Everyone worries. It’s just one of those things.

 

I worry, and one of the things I worry about is how much my worrying is affecting me.

 

Two things:

1) How stupid and illogical is that?

2) I’ve used the word worry too much now and it is starting to both look and sound weird.

 

I’ve always been a worrier I think and as I’ve gotten older, it’s not gotten any better. If anything, it’s getting worse. If I can worry about it then I will. Sometimes I think that I’m doing really well and that I’ve managed to be really blasé about something that I could worry about, But actually, there’s a constant little niggle going on somewhere at the back of my mind saying, yes but what if?

 

Worrying makes me unhappy.

It makes me nervous.

It makes me not want to do the things I want to do.

And every now and then, when I least expect it. It makes me stop functioning.

 

Imagine the scene. You’re having a particularly busy time at work but everything is on track. Changes are happening and there’s a lot of pressure being felt around the office but overall you feel okay with what’s going on. Some things have changed in your home life. But that’s good. You’re enjoying the changes. Although they’ve brought a whole new set of things to worry about. But actually, you don’t feel like you’re worrying about them too much. You’re just trying to get on with things. Because you deserve to be happy.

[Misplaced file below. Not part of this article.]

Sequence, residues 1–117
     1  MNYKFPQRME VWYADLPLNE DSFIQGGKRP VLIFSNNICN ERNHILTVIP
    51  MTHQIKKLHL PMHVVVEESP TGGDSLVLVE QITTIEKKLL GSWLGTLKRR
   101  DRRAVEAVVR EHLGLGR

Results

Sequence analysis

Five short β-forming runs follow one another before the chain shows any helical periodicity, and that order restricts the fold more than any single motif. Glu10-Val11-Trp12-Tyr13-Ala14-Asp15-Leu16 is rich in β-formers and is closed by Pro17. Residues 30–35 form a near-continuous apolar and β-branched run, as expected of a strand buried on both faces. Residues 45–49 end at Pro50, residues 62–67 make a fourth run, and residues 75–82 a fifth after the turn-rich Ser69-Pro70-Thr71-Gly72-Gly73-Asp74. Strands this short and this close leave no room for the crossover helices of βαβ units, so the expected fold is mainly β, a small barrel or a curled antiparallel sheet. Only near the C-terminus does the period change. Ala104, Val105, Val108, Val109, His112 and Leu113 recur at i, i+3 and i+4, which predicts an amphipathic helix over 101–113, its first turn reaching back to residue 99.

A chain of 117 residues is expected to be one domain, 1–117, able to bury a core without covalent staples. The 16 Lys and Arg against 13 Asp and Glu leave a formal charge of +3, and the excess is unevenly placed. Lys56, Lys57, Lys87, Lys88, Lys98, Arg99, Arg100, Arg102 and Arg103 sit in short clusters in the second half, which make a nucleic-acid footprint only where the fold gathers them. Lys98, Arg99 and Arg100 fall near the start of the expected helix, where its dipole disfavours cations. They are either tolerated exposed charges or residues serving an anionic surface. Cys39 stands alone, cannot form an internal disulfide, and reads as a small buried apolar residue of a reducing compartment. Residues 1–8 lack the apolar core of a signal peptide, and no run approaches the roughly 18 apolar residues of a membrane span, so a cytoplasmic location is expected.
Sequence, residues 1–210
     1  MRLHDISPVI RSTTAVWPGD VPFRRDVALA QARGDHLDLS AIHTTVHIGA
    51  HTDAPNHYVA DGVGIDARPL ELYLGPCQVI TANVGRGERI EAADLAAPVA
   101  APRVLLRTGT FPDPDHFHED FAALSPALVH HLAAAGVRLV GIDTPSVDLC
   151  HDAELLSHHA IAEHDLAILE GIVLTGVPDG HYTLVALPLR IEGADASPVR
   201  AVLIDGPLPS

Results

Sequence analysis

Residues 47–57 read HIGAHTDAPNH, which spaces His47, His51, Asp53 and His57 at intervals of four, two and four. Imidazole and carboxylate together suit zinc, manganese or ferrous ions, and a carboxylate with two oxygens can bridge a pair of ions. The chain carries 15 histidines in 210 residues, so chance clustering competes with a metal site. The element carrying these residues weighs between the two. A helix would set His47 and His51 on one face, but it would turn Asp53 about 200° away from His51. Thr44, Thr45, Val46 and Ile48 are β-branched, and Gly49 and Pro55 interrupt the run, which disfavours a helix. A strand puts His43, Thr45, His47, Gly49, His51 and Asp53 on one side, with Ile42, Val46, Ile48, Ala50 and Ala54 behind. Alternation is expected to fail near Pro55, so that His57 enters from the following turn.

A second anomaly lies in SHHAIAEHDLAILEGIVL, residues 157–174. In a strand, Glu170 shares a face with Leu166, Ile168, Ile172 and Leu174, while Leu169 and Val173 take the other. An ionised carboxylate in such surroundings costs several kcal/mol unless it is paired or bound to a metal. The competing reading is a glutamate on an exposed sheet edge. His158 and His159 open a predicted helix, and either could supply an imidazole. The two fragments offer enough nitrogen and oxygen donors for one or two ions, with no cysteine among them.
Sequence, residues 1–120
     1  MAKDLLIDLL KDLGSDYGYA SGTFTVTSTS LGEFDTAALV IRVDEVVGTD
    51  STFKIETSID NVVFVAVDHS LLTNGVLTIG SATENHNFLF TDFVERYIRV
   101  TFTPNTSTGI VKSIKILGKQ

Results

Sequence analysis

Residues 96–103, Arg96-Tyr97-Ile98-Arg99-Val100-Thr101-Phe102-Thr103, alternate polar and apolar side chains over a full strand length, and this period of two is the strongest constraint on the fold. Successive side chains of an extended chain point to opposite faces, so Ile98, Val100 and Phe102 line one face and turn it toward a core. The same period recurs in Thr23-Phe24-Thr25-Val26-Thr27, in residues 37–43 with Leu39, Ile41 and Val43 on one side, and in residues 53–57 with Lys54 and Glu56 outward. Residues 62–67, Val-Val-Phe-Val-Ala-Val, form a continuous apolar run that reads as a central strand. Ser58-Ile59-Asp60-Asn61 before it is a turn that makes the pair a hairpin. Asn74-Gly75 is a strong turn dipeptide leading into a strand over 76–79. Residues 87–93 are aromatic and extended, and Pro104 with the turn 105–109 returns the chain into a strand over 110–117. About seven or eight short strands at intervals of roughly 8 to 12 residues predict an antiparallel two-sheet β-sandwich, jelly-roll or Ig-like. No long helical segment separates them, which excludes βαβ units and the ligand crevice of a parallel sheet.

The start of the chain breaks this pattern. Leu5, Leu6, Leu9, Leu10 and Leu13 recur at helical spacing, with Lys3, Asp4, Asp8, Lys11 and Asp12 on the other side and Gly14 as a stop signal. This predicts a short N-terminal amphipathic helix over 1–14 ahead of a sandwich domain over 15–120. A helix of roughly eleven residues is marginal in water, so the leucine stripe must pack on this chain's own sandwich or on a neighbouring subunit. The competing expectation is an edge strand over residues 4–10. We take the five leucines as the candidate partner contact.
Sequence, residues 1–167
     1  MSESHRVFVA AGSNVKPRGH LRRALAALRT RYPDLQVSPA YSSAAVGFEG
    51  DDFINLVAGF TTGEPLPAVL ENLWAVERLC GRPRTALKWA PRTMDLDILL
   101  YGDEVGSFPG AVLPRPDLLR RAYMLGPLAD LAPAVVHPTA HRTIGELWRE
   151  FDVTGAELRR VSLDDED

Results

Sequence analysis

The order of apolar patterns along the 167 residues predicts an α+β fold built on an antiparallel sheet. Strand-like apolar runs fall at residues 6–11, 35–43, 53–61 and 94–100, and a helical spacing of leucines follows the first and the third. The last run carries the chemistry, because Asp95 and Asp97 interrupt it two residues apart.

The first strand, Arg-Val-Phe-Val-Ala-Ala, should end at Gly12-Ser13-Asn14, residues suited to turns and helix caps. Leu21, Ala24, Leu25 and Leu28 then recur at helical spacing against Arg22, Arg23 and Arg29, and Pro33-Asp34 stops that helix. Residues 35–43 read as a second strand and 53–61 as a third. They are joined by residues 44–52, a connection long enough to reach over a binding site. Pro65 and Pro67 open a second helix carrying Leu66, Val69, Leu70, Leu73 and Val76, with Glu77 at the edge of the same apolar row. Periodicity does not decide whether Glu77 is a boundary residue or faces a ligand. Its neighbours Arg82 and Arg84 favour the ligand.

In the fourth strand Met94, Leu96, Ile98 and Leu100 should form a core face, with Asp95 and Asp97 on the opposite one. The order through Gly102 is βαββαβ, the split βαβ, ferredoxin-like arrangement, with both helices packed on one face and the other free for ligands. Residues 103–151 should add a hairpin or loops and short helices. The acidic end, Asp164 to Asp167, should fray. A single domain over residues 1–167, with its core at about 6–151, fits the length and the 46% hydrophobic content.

And then you’re putting some stationery away, you notice that you’ve ordered the wrong toners and suddenly you feel as though you’re standing in a furnace, that the walks are closing in. You start to hyperventilate as you leave the cupboard. You tell yourself to stop hyperventilating but you can’t and you start to cry.

You are panicking.

About ink cartridges????

Not really.

You want to hide. To calm down. To sort out in your own head what the hell is going on. Someone finds you because you’re in an open plan office where there is nowhere to hide, even the offices with doors have windows in them.

You get taken into a room. They leave you to get you a glass of water. By the time they come back you are shaking and you can’t speak when they ask you what’s wrong. You didn’t realise you were shaking.

You get taken to go stand outside.

You start to calm down.

You start to feel better.

As you walk back up the stairs though into the office you can feel the anxiety creeping. You don’t want to do that again. It wasn’t fun and this is where it happened. Don’t be silly. Snap out of it. You’ll be fine.

You have to explain to the manager what is going on because they are concerned.

You can’t explain.

You want to say… You know when you just start to panic? Only unless they do, they really don’t.

You end up being allowed out to take a walk. This makes you feel somewhat guilty.

On the walk you want to call someone. Someone who you think will listen. But you know if you do, you won’t actually be able to say anything. And you don’t want them to worry, you don’t want to be a burden. This is your problem. Not theirs. Don’t rain on their afternoon because you can’t cope.

You get back to the office (again). You really do feel better now.

Now you feel embarrasesed, guilty and awkward. What if people see you now and think you were somehow putting it on? You weren’t.

 

And now you’re worrying about people thinking you’re mad. And worrying about this happening again. And worrying about when you’re going to have the time to figure out how to avoid it happening again.

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